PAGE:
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Ferrous Sulphate

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Ferrous sulphate is available in a solution labelled 150mg/5ml, which provides 6mg of elemental iron per ml.

Dose and administration

Prophylaxis

0.5ml/kg/day (3mg/kg/day of elemental iron) in two divided doses:

  • All infants with a birthweight<2500g or a gestation at birth <37 weeks . Infants outside these criteria should be discussed with a specialist first.
  • Commence at 2 weeks of age or on discharge, whichever occurs earliest.

NB. If infant is on ≥100ml/kg/day FM85 fortifier or Preterm formula there is sufficient iron for prophylaxis so additional prophylaxis is not needed.

Treatment

Infants with iron deficiency anaemia:

  • 1ml/kg/day (6mg/kg/day of elemental iron) in two divided doses. 
  • 0.5ml/kg/day (3mg/kg/day) for infants receiving ≥100ml/kg/day FM85 fortification or preterm formula (as these already contain a prophylactic dose of iron)

Indications

  1. Prophylaxis for iron deficiency anaemia in low birthweight infants with reduced body iron stores.
  2. Treatment of documented iron deficiency anaemia.

Contraindications and precautions

  1. Peptic ulcer
  2. Haemolytic anaemias
  3. Haemochromatosis

Clinical pharmacology

Iron is an integral part of haemoglobin. Although the major portion of iron in the body is in the form of haemoglobin, a small amount is also stored in tissues as haemosiderin and ferritin, and in blood it is bound to transferrin, a carrier protein.

The intestine is the primary site for both absorption and excretion of iron. Food and antacid decrease the absorption of iron.

Iron is rigidly conserved in the body. Most of the iron released from breakdown of haemoglobin in the liver is reused.

Possible adverse effects

  1. Gastrointestinal disturbance:
    Nausea, vomiting, constipation.
    Dark stools (green or black).
    Erosion of gastric mucosa.
  2. In preterm infants may cause increased red cell haemolysis and haemolytic anaemia due to low serum vitamin E.
  3. Lethargy.
  4. Hypotension.
  5. Acute toxicity: gastrointestinal disturbances worsened, CNS disorders (lethargy), pallor, cyanosis, shock.

Special considerations

  1. Monitor Hb, PCV, reticulocytes.
  2. Vitamin C may increase iron absorption.

Information for families

Link to Parent information pamphlet - Vitadol C and Iron

Management of Oral Ferrous Sulphate administration

Description

Available in a solution of Ferrous sulphate 150mg/5ml, containing 6mg/ml of elemental iron.

Prescription

Charted on drug prescription chart in ml/dose.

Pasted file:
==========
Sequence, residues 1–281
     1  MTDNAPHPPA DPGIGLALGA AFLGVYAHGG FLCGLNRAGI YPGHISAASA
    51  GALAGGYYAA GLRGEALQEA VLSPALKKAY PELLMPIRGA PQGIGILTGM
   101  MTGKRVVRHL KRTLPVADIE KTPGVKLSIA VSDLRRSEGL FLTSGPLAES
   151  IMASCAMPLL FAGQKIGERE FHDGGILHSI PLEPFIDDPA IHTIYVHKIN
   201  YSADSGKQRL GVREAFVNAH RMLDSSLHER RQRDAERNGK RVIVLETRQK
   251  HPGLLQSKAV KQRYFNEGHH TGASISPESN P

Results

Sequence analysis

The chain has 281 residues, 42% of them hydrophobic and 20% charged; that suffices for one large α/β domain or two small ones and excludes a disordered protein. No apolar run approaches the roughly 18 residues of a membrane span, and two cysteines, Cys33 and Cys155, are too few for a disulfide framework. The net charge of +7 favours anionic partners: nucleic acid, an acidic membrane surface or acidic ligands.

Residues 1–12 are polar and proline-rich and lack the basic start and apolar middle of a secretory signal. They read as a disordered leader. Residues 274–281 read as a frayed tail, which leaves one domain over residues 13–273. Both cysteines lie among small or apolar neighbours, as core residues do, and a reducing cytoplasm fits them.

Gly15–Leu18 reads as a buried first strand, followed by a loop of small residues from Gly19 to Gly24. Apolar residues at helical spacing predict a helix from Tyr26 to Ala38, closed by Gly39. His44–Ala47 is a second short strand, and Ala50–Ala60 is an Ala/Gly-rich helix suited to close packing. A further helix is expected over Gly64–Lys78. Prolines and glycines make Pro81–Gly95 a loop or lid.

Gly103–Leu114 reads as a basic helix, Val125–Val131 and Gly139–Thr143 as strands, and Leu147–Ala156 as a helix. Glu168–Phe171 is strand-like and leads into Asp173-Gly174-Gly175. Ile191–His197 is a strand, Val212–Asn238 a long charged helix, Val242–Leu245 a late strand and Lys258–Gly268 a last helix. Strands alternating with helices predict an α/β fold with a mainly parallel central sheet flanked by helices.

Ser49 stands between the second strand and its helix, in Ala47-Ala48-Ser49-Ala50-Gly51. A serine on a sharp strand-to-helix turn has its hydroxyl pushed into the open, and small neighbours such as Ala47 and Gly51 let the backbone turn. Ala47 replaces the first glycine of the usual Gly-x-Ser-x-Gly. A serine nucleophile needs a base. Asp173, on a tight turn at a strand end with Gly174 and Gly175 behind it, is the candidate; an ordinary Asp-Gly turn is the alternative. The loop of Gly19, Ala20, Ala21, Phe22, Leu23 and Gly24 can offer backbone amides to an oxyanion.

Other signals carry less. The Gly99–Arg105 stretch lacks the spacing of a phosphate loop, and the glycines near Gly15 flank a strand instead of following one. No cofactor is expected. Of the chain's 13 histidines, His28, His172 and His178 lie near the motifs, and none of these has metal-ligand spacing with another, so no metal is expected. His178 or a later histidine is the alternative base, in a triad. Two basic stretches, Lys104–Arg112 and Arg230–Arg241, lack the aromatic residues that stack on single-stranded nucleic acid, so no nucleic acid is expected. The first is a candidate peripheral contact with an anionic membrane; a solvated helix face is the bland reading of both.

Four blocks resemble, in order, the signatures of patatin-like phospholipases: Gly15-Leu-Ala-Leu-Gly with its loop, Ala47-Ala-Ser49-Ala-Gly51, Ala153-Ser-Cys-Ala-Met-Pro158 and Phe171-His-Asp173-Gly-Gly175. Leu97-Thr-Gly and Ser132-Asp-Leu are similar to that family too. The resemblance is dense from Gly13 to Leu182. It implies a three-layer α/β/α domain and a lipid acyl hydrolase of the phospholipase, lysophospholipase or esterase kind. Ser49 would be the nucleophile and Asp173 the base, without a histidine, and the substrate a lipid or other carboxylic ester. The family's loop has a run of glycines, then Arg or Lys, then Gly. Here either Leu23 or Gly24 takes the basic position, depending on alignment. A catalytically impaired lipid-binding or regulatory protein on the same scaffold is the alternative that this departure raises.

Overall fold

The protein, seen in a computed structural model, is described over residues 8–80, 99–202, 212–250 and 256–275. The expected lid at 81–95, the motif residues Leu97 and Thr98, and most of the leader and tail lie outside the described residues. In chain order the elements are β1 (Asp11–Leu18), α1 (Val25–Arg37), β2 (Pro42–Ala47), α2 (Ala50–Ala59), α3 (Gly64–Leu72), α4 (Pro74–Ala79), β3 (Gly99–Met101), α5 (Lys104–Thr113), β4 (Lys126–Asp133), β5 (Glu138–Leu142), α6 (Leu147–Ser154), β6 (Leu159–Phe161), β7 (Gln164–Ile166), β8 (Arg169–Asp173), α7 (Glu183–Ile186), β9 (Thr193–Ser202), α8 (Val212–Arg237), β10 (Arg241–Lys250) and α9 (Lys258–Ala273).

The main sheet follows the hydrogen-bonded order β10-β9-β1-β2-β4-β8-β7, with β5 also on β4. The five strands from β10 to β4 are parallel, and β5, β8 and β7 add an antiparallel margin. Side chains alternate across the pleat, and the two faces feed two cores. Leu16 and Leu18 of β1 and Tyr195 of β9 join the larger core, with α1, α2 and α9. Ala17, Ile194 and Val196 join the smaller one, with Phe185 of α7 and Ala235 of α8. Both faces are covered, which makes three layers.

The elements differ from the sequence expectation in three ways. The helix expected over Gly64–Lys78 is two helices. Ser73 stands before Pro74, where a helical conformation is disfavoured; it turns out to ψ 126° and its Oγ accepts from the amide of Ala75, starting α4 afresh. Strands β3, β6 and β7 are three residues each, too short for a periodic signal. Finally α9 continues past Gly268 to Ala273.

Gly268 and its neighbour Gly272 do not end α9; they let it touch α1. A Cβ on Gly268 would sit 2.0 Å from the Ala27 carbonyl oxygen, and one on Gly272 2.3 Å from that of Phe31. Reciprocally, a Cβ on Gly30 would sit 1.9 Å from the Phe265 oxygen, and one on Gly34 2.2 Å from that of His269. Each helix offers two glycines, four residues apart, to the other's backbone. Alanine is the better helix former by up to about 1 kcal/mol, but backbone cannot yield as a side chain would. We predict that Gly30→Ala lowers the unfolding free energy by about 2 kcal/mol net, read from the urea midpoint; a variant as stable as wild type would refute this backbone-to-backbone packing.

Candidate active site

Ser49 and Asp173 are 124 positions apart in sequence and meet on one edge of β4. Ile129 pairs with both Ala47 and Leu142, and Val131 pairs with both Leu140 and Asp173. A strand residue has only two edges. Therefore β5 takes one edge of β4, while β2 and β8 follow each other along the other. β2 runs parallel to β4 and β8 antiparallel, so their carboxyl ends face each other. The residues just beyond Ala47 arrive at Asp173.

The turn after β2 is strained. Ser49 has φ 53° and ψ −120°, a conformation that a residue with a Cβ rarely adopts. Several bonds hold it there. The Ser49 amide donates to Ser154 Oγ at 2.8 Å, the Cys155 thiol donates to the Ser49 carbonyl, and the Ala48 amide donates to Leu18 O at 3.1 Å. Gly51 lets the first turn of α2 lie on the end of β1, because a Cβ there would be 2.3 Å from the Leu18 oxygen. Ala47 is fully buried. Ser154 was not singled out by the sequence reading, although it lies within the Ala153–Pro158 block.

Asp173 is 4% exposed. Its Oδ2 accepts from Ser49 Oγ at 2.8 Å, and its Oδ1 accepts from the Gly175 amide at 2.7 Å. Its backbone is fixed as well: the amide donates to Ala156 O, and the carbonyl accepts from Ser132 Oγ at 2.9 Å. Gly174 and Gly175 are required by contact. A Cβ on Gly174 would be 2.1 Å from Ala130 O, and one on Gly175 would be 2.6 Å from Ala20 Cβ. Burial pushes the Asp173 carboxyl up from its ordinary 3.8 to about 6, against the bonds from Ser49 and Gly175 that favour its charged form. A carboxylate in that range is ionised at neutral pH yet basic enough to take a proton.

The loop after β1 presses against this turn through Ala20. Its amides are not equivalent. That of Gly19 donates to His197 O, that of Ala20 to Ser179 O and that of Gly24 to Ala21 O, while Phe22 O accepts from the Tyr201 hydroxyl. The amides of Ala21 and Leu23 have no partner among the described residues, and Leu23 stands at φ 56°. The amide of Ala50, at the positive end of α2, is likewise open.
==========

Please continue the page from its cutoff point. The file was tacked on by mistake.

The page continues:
Administration of Oral Ferrous Sulphate

Administer before feeds to maximise absorption. If not tolerated can be administered with a small amount of milk (milk decreases absorption of iron).

Nursing considerations

  • Observe for signs of adverse effects and/or toxicity. Keep in mind gastro-intestinal upset may be dose related.
  • Observe stools. Check for constipation.

Storage

  • Store at room temperature (below 25°C)
  • Protect from light
  • Discard 6 months after opening. Attach a "Do Not Use after" label, and date.

References

  1. Joy R, Krishnamurthy S, Bethou A, Rajappa M, Ananthanarayanan PH, Bhat BV: Early versus late enteral prophylactic iron supplementation in preterm very low birth weight infants: a randomised controlled trial. Arch Dis Child Fetal Neonatal Ed 2014, 99(2):F105-109.
  2. Mills RJ, Davies MW. Enteral iron supplementation in preterm and low birth weight infants. Cochrane Database Syst Rev 2012;(3):CD005095.
  3. Anabrees J: Early Enteral Prophylactic iron Supplementation May be Preferred in Preterm Very Low Birth Weight Infants. Journal of clinical neonatology 2014, 3(1):14-15.
  4. Long H, Yi JM, Hu PL, et al. Benefits of iron supplementation for low birth weight infants: A systematic review. BMC Pediatr 2012;12:99.
  5. Franz AR, Mihatsch WA, Sander S, Kron M, Pohlandt F.Prospective randomized trial of early versus late enteral iron supplementation in infants with a birth weight of less than 1301 grams. Pediatrics 2000;106(4):700-6.
  6. Taylor TA, Kennedy KA. Randomized trial of iron supplementation versus routine iron intake in VLBW infants.
  7. Pawlak RP and Herfert LA. Drug administration in the NICU. A handbook for Nurses, Neonatal Network 1990, 2nd Edition p100-1.
  8. Royal Children's Hospital, Melbourne. Paediatric Pharmacopoeia 11th Edition, 1994 p74.
  9. Young TE and Mangum OB Neofax. A manual of drugs used in neonatal care. 11th Edition 1998, p176.
  10. Nursing 1997 Drug Handbook, Springhouse. 1997, p857-8.

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Document Control

  • Date last published: 30 March 2018
  • Document type: Drug Dosage Guideline
  • Services responsible: ADHB Pharmacy, Neonatology
  • Editor: Sarah Bellhouse
  • Review frequency: 2 years